Astronomers Observe Star Being ‘Spaghettified’ by a Supermassive Black Hole

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Artist’s impression of a star undergoing spaghettification near a supermassive black hole.

Artist’s impression of a star undergoing spaghettification near a supermassive black hole.
Image: ESO

A star 215 million light-years away has been obliterated by a supermassive black hole, making it the closest observation to date of stellar spaghettification.

Spaghettification doesn’t sound very scientific, but it’s a fairly accurate description of what actually happens.

A doomed star caught in the orbit of a supermassive black hole will eventually hit a kind of gravitational sweet spot that turns everything to shit. No longer capable of keeping its physical integrity, the star begins to rapidly collapse in a process known as a fast-evolving tidal disruption event. When this happens, stellar debris bursts out from the star, forming a long, thin stream, half of which gets sucked toward the black hole; the other half is blown back into space. The thin stream eventually catches up to and slams into itself, releasing energy and forming an accretion disc. If that’s hard to visualize, here’s a video showing the process:

The destruction produces a bright flash of light, which astronomers can observe on Earth. A few of these events are captured each year, but new research published in Monthly Notices of the Royal Astronomical Society describes the nearest case of stellar spaghettification ever recorded, at 215 million light-years away. The event, designated AT2019qiz, was chronicled last year, and it appeared at the core of a spiral galaxy located in the Eridanus constellation. The unfortunate star was roughly the same size as our Sun, and it was torn apart by a supermassive black hole roughly 1 million times the Sun’s mass.

The event was initially captured by the Zwicky Transient Facility, with follow-up observations done with the European Southern Observatory’s Very Large Telescope, the ESO New Technology Telescope, and Harvard & Smithsonian’s MMT Observatory, among other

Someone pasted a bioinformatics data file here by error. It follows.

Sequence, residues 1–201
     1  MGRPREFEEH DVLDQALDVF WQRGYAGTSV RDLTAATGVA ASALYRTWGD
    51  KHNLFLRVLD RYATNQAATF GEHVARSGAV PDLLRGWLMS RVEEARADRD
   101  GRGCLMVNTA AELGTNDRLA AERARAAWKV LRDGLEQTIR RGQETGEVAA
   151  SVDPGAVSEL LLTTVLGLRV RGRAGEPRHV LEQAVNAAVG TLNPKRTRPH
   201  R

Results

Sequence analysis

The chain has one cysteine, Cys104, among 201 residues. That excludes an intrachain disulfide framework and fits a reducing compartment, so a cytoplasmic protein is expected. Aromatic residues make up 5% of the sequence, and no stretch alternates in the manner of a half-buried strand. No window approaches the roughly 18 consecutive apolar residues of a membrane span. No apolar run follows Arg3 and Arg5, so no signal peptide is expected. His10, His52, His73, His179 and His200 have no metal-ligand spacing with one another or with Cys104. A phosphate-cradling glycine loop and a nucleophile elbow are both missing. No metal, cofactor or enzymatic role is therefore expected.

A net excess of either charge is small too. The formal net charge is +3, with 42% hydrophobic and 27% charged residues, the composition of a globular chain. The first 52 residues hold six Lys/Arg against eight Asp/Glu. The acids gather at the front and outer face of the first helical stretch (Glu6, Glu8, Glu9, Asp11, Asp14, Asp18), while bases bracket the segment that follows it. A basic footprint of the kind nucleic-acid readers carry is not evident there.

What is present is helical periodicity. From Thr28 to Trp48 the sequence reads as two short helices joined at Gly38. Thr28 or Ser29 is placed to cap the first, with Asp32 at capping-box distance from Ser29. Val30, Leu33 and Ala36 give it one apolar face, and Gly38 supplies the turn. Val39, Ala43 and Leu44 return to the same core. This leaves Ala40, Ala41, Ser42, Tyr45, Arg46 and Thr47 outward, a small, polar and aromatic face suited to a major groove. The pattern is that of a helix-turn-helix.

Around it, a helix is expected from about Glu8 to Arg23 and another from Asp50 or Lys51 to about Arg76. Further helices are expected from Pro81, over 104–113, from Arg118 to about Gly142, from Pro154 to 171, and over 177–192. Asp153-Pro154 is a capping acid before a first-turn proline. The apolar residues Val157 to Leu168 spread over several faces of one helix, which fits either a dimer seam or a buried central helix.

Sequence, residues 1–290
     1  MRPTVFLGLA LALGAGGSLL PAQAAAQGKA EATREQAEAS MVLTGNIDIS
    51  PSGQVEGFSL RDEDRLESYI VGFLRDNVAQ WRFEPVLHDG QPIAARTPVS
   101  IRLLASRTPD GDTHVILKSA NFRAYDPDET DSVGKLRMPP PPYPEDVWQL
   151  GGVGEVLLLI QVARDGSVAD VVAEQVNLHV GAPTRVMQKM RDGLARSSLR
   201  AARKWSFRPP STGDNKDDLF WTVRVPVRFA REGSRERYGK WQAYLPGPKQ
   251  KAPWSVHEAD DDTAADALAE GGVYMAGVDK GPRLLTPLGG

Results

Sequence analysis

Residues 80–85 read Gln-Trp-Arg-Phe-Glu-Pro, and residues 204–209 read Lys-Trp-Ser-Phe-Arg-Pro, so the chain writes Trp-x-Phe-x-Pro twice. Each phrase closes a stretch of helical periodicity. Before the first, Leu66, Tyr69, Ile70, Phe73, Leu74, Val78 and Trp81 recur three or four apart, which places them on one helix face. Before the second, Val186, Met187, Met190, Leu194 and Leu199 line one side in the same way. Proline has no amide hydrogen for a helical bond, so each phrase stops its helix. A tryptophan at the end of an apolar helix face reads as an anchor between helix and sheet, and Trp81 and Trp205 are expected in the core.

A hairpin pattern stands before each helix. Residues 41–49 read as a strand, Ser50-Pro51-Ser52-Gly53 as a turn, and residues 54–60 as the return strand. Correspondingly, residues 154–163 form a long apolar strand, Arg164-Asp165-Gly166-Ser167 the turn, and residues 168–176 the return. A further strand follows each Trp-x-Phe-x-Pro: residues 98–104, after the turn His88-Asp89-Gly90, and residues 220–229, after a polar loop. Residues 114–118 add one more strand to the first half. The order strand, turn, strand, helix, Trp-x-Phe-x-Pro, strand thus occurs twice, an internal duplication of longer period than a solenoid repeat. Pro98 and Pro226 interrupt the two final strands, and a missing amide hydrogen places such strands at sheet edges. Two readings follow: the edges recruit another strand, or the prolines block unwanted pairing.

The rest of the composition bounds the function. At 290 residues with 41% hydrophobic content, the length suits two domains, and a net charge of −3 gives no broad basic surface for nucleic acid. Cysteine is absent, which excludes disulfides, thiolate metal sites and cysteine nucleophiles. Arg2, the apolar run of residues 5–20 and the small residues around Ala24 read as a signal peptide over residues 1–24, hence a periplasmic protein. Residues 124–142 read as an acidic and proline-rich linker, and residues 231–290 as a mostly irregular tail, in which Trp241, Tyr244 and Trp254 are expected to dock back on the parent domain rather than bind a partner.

Color Star Technology in Development of Offline Music Festival Series

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NEW YORK, Oct. 13, 2020 /PRNewswire/ — Color Star Technology Co., Ltd. (Nasdaq CM: CSCW) (the “Company”, or “Color Star”), a company engaged in the businesses of providing online and offline paid knowledge services for the media, entertainment and culture industries globally, announced today that it plans to launch “Color World”-branded offline music festival series (the “Festival Series”), furthering the Company’s aspirations to build “Color World” into a leading entertainment-centric paid knowledge services platform which connects musicians, artists and celebrities with its growing bases of fans, followers and users. The Company is currently in discussion with multiple well-established music festival brands to co-organize up to 30 music festivals with different genres over the next five years in different cities across Asia and beyond.   

“As receding COVID-19 pandemic allows China and most Asian countries to gradually get back to normal, so will be the demand for outdoor music festivals in these countries. Music festivals have gained increasing popularity in China and other Asian countries in recent years, often attracting tens of thousands of participants who use it as social venues to enjoy not only live performances but also other attractions such as food, merchandise vending, and other social or cultural activities. The Festival Series, combined with our online offerings such as online concerts, courses, “star teacher”- fan meetings, and our soon-to-be launched online celebrity merchandise store, will add fuel to the fire for our already rapidly expanding user base,” said Luke Lu, Chairman and Chief Executive Officer of Color Star.

About Color Star Technology

Color Star Technology Co, Ltd. (Nasdaq CM: CSCW) offers online and offline paid knowledge services for media, entertainment and culture industries globally. Its business operations are conducted through its wholly-owned subsidiaries Color China Entertainment Ltd. and CACM Group NY, Inc. The Company’s online education is

New research suggests innovative method to analyse the densest star systems in the Universe

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New research suggests innovative method to analyse the densest star systems in the Universe
Artist’s illustration of supernova remnant Credit: Pixabay

In a recently published study, a team of researchers led by the ARC Centre of Excellence for Gravitational Wave Discovery (OzGrav) at Monash university suggests an innovative method to analyse gravitational waves from neutron star mergers, where two stars are distinguished by type (rather than mass), depending on how fast they’re spinning.


Neutron stars are extremely dense stellar objects that form when giant stars explode and die—in the explosion, their cores collapse, and the protons and electrons melt into each other to form a remnant neutron star.